SAN FRANCISCO – Google Inc. is distributing a free software startup kit designed to make computing safer and easier — a generous gesture driven by the company's desire to steer technology offline as well as online.
The software bundle, unveiled Friday in Las Vegas during a speech by Google co-founder Larry Page, represents the Internet search engine leader's latest jab at industry kingpin Microsoft Corp.
The suite of programs is designed to make it easier to install and maintain basic applications that have helped turn the PC into a hub of information, entertainment and communications.
[The package also includes software owned by Google, including the Picasa photo organizer, the Google Earth mapping program and a collection of screensavers. It will only install on computers running Microsoft Windows XP.]
With the initiative, Google is setting out to prove that it is better positioned to help people get the most out of their computers than more-established software makers, particularly Microsoft — the maker of the pervasive Windows operating system.
"We thought, 'Why can't using a computer be more fun, simple and empowering?'" said Marissa Mayer, Google's vice president of search products and user experience.
Six of the programs in the package are owned by Google, which had previously offered all but one on a piecemeal basis. A screensaver that automatically displays pictures stored on a personal computer is being introduced for the first time as part of the "Google Pack."
With the exception of a Norton antivirus program that is being offered in a free six-month trial, the seven other applications in the Google Pack are already available for free on the Internet.
Mountain View, Calif.-based Google has simply negotiated agreements to create a one-stop shop for all the applications, supplemented with tools to simplify the process for installing and updating the programs.
Neither Google nor the other participants in the Google Pack are paying each other any money, Mayer said.
Although cobbling together a bunch of free software isn't revolutionary, the move could foreshadow bigger things to come as Google's maneuvers to gain more influence over the products people install on their PCs while diminishing Microsoft's power.
If the Google Pack proves popular among PC owners, more software makers are likely to be lining up to be included in future versions — a phenomenon that would give Google even more leverage in its slugfest with Microsoft, said Forrester Research analyst Charlene Li.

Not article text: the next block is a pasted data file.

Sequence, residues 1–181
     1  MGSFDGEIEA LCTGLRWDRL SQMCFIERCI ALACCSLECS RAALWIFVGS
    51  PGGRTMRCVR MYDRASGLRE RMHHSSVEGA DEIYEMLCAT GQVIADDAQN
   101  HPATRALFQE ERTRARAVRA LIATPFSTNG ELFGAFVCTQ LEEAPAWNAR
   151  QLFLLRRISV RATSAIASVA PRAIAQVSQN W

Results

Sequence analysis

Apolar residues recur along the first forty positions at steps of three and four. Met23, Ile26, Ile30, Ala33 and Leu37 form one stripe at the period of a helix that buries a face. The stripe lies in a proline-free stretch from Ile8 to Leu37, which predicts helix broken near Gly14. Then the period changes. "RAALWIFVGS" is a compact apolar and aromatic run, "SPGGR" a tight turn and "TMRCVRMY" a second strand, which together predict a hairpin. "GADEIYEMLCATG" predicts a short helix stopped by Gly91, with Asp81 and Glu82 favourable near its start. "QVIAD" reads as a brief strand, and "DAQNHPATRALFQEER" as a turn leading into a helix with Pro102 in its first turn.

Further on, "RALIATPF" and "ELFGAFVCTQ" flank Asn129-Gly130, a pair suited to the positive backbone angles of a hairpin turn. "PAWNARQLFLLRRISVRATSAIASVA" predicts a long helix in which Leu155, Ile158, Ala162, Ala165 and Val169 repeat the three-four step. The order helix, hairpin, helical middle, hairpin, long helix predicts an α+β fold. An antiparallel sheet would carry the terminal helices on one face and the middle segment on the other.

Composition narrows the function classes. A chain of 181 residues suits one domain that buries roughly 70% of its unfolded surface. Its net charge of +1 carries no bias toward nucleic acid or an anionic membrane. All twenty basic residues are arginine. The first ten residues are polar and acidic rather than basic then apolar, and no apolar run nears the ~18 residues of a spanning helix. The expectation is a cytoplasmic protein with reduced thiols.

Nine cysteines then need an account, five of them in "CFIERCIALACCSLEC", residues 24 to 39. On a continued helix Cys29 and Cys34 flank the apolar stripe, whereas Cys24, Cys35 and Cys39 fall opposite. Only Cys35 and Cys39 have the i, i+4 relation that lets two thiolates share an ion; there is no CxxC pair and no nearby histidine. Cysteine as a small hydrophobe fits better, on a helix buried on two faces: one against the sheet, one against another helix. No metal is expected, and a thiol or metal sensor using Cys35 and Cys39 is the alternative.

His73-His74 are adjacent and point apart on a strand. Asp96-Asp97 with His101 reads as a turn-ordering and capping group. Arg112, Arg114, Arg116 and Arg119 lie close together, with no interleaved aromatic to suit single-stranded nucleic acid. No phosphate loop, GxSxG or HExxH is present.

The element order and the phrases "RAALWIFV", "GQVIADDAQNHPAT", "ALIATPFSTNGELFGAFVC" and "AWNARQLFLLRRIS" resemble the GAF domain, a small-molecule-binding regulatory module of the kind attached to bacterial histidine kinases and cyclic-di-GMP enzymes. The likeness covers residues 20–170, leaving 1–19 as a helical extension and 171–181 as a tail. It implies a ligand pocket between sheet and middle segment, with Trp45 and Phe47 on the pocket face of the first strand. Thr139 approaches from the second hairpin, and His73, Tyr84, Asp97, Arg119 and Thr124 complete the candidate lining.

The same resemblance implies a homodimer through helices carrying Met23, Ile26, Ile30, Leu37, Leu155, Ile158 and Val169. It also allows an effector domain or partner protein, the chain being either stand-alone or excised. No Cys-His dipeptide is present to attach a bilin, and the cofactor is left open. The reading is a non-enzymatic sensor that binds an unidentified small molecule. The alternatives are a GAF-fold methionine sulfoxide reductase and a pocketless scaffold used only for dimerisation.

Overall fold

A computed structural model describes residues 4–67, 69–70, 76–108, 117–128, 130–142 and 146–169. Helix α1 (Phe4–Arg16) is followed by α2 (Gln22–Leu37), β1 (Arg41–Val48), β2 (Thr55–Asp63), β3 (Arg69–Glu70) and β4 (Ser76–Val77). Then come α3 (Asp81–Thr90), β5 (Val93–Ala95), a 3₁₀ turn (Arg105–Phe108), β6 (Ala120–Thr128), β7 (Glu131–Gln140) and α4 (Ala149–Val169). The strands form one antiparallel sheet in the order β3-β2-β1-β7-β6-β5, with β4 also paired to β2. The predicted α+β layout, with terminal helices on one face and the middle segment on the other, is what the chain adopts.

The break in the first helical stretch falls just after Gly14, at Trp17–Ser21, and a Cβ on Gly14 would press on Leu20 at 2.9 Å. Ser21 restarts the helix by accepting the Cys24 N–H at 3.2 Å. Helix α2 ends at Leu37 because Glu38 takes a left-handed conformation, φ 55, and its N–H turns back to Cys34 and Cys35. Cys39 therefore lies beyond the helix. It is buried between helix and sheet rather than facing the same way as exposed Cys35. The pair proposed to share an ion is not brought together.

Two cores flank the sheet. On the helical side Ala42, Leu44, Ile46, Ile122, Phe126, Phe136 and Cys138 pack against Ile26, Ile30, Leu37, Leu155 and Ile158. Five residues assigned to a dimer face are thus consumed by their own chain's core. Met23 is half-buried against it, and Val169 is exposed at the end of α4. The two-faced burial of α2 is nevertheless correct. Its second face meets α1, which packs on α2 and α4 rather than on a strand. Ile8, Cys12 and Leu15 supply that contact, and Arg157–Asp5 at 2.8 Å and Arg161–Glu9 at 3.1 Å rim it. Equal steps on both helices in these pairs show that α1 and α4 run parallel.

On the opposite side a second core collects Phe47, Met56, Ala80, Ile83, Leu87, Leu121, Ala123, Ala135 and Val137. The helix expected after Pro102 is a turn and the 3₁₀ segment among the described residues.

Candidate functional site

"This has the potential of giving Google more control over the software supply chain," Li said. "They in effect could become the arbiters of software taste, determining what's good and bad."
For now, Google is primarily interested in making personal computers easier and more enjoyable to use, Mayer said.
If people spend more time on their computers, Google believes it will receive more Internet search requests — an activity that generates the highly profitable ads that has catapulted its stock and spawned more than $100 billion in shareholder wealth during the past 18 months.
Hoping to stunt Google's rapid growth, Microsoft has invested heavily to expand its presence in Internet search during the past year. So far, though, Google has been able to win even more market share, emboldening the company to embark on far-flung expansion that has increasingly put it on a collision course with Microsoft.
Toward that end, Google plans to distribute even more software as it builds upon the loyalty fostered by its popular search engine.
"I can imagine an operating system that some day does a better job storing your data, using a network," Mayer said in a barb clearly aimed at Microsoft.
Mayer couldn't explain why the free OpenOffice suite, which includes word-processing and spreadsheet applications, wasn't included in the Google Pack.
Li believes the programs were excluded because Google didn't want to risk including anything that might be difficult to install or interfere with other applications, such as Microsoft's competing Office suite.